[bug] observing property is_playing

    Nov 01 2010 | 10:48 am
    when observing the 'is_playing' property of 'path live_set' the output value is incorrect when starting to play: it is 1 0 1 instead of just 1 the output when stopping is correct
    this can be easily checked with the [M4L.api.ObserveTransport] abstraction like this:
    I'm using Max 5.1.5 and Live 8.2 on Mac OS X 10.5.8 (Macbook Pro, 2.5 GHz Intel Core 2 Duo)
    it is especially annoying that if you have notes exactly at the start point it will first receive the is_playing value 1, then the midi notes themselves and then the is_playing values 0 1 this makes it impossible to reset the effect on stopping the track by observing this property.

    • Nov 01 2010 | 1:36 pm
      It's a known issue and has been discussed on several threads. Personally I'm using a "filter" as shown in this patch.
    • Nov 01 2010 | 2:31 pm
      sorry, couldn't find it on this forum by searching for 'property is_playing'
      yeah, your workaround probably works :-)
    • Nov 06 2010 | 9:37 pm
      Actually this looks more like a bug in the abstraction than M4L itself. I hardly use the pre-made abstractions myself, and I guess this is yet another good reason to do so...
      Get rid of the abstraction and use your own routines and you'll be just fine..
      Check out the testcase below. As long as you rely on loadmess the patch will behave as you'd expect. Using either the APC or the spacebutton or mouse button, etc. I just can't get it to misbehave.
      However.. As soon as I manually click the button after the patch was already initialized you'll notice that it suddenly starts to print several values. I can't conclude otherwise than an issue with the abstraction...
    • Nov 07 2010 | 10:37 am
      "I can't conclude otherwise than an issue with the abstraction..."
      So how would the proper abstraction look like? Or are you saying it can't be handled with an abstraction at all..?
    • Nov 07 2010 | 2:59 pm
      I found it out not using the abstraction but I posted the most simple example I could think of: with the abstraction.
      how do you do it shelluser? then I will check how your solution behaves on my system
    • Nov 09 2010 | 4:28 pm
      I did some further testing to make sure I didn't overlook anything and well, sorry to have kept your hopes up but I did. When I started to deeper investigate with the mouse/keyboard and midi mapped options in Live itself I finally noticed the behavior.
      Still, from a technical perspective I wonder where the bug really lies. I mean; when re-starting the transport by hitting play again Live does in fact start, stop (and reset the position) and restart again.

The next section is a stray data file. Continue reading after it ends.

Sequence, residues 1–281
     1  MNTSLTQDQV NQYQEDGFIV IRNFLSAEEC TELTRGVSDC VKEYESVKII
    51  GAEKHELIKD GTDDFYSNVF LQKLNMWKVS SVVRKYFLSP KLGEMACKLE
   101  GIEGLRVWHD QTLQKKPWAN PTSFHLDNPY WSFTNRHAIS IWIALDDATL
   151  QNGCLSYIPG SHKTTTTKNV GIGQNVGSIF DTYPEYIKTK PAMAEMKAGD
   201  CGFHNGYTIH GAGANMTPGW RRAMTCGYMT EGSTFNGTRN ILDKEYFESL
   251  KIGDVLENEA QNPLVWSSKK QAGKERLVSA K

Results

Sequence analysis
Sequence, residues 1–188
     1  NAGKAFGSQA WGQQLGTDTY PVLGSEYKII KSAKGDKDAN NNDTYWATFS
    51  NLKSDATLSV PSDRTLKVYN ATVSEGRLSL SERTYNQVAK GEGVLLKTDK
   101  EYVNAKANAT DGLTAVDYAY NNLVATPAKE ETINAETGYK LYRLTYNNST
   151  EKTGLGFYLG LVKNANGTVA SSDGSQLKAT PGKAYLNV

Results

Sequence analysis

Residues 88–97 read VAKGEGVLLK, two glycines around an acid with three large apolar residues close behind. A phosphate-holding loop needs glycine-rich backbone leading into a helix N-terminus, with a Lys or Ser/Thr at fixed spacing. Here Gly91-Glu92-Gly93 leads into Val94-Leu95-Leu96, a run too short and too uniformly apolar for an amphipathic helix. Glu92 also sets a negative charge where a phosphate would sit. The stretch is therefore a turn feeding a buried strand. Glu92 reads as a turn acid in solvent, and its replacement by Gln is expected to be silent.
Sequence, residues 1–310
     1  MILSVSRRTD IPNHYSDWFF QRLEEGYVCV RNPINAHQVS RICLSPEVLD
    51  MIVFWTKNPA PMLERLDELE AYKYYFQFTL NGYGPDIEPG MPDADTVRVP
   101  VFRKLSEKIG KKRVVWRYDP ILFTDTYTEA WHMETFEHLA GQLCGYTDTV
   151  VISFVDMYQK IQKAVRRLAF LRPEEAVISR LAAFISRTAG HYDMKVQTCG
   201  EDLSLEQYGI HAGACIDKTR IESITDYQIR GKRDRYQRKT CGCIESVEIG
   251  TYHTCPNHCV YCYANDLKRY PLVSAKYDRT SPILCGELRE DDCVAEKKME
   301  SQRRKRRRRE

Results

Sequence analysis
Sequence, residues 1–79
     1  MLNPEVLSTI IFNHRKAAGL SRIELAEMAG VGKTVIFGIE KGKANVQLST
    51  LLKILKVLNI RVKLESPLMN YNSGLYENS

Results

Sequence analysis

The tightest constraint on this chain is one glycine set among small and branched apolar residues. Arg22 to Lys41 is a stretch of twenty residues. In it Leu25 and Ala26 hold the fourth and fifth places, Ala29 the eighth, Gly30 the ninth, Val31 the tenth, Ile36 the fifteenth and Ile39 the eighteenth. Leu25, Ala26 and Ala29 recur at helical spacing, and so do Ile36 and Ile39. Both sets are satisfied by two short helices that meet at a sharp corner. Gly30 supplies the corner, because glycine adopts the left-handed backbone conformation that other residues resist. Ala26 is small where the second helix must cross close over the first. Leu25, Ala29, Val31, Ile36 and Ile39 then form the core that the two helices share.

Anyway; I overlooked the option at first because this behavior doesn't occur when using a supported control surface. Only when you've midi (or key) mapped the Live button does the event occur.
    • Nov 09 2010 | 4:36 pm
      Why would you use the API for this? Is there something I am missing? The plugsync~ object seems to me to be a much better bet.
    • Nov 09 2010 | 4:53 pm
      Well, there is a major difference in behavior here. Whereas the live.observer only signals upon changes the plugsync~ objects constantly sends the current status.
      I'm not sure here, but it wouldn't surprise me if plugsync~ would have a bigger impact on the live environment than the live.observer has.
    • Nov 09 2010 | 6:42 pm
      Yeah that's why you use a change object under it.
      >I'm not sure here, but it wouldn't surprise me if plugsync~ would have a bigger impact on the live environment than the live.observer has.
      I really doubt this. But you could test it by creating a few hundred of them. Max's internal transport is always synced to Live's transport. This is a constant, negligible MFL overhead. All that plugsync~ is doing in this case is asking if Max's (Live) transport is running.With the API, calls you make are inserted into Live's GUI thread.
    • Nov 09 2010 | 8:01 pm
      Using plugsync~ makes sense to me since MFL devices are basically plugins.
      I've just measured the timing accuracy and found that plugsync~ delivers "1" in perfect sync with the first tick from transport. In comparison, when using live.observer there is a difference of 10-20ms.
    • Nov 09 2010 | 10:25 pm
      @Andrew: Good point indeed! (that the transports are always linked anyway).
      Well, broc beat me to it, but even looking at it from a theoretical point of view it makes better sense now than this method should be faster. After all; Max can process signals a lot faster than the Live API can. And since plugsync~ obviously will be using its internal routines to check up on the state of the transport it should indeed be faster.
      The thing which puzzled me was the constant stream of signals, but I guess that's neglectable.
      Thanks for the tip, I wasn't aware of this object yet!